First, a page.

Whatever the case, the Wild Men certainly weren't poor. The Davis brothers regularly made wages of $300 to $400 per week in their heyday, both amassing considerable fortunes over the years that allowed them to go into semi-retirement in comfort, living with their manager in Massachusetts and spending time playing with the local children, who delighted in the old men who matched them in stature.
Good-natured playfulness wasn't their only attribute, though, as a 1901 wire article quotes a local Massachusetts farmer as saying once years earlier he had lost his temper at one of the “wild men” and tried to hit him with the handle of a spade. The little man proceeded to come after him with his fists and gave the farmer a good thrashing.
A 1903 article interviews the manager, Mr. Warner, who talks about how Hiram (Waino) had become blind over the years. Warner said that originally Waino was the principal entertainer of the two.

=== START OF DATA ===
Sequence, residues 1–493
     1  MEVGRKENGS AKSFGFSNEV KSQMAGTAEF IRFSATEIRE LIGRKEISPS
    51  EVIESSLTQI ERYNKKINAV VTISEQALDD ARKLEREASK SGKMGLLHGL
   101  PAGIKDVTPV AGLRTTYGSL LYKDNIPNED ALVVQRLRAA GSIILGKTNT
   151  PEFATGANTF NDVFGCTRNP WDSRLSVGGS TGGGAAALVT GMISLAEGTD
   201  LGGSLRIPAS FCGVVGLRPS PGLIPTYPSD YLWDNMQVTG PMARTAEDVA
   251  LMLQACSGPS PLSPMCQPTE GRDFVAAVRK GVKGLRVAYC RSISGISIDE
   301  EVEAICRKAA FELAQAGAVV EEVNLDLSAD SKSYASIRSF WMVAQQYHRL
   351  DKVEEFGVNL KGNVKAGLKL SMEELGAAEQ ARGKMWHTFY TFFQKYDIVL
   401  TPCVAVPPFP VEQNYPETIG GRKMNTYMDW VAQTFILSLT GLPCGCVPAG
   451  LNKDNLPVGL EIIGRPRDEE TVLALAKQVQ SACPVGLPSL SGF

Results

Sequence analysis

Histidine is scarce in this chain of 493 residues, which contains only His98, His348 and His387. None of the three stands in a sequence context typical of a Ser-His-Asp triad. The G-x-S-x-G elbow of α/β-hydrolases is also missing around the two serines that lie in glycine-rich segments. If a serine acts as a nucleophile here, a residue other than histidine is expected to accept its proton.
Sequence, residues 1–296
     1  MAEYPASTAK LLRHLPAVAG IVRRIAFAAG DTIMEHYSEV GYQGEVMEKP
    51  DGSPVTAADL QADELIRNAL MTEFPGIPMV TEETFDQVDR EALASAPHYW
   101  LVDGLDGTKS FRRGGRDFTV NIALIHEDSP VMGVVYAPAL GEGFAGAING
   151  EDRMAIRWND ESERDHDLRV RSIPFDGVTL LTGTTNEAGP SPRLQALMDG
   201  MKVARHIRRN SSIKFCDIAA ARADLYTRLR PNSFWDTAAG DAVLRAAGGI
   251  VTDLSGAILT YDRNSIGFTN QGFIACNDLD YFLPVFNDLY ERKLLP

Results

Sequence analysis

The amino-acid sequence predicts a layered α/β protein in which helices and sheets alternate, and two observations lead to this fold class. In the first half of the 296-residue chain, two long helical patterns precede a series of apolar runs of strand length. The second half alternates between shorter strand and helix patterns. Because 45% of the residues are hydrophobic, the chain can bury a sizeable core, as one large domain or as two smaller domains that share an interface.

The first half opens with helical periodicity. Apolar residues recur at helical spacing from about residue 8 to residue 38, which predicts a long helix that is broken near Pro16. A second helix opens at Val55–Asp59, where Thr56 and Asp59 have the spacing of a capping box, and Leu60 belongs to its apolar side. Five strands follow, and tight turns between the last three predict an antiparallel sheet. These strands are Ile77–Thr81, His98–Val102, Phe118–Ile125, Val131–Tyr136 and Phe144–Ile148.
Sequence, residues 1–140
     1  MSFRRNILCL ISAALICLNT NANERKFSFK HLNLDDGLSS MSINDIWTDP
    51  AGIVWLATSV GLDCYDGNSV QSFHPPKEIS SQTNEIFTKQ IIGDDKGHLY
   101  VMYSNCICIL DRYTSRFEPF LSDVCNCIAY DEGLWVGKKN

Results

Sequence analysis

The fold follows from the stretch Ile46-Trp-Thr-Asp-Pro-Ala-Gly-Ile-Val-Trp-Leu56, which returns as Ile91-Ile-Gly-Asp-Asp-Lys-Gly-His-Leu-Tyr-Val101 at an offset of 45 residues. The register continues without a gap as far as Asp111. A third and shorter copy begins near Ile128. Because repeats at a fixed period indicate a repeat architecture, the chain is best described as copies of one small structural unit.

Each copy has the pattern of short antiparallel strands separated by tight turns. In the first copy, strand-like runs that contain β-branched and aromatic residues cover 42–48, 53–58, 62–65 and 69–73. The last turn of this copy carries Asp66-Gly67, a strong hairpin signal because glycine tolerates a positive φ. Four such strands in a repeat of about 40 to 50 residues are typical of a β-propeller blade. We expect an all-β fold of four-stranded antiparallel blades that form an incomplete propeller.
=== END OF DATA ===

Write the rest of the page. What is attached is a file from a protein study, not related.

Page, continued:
“Waino used to cut quite a dash with the ladies in his palmy days,” Warner said. “He didn't have much to say — neither of them ever did — but he used to jump round lively as a cricket, going through pantomime and selling photographs.”
Warner also described his charges' appearance over the years.
“No, they never did look just exactly what you would call young. Kind of drying up, don't you think?”
Hiram died in 1905 in Massachusetts, and the New York Times carried it as front page news:
When Waino, his flesh and spirit worn by his 80 years, lay dying, Plutano was in an adjoining room, silent in his grief, and since the death he has been like a child, although in previous years his strength was that of a Titan, and his temper ferocious.
Barney survived until 1912, passing away at the age of 90.
According to information filed in probate court, the Davis brothers' legal guardian, Senator L. B. Houck, had a balance of $1,142.59 left over after expenses were all paid off after Barney's death. Even after extremely long lives, the Davis brothers still had money left over.
Both were originally buried in Massachusetts, but were later transferred to Mound View Cemetery by Senator Houck, where they are buried in section H, under a shared stone headed, “Little Men.”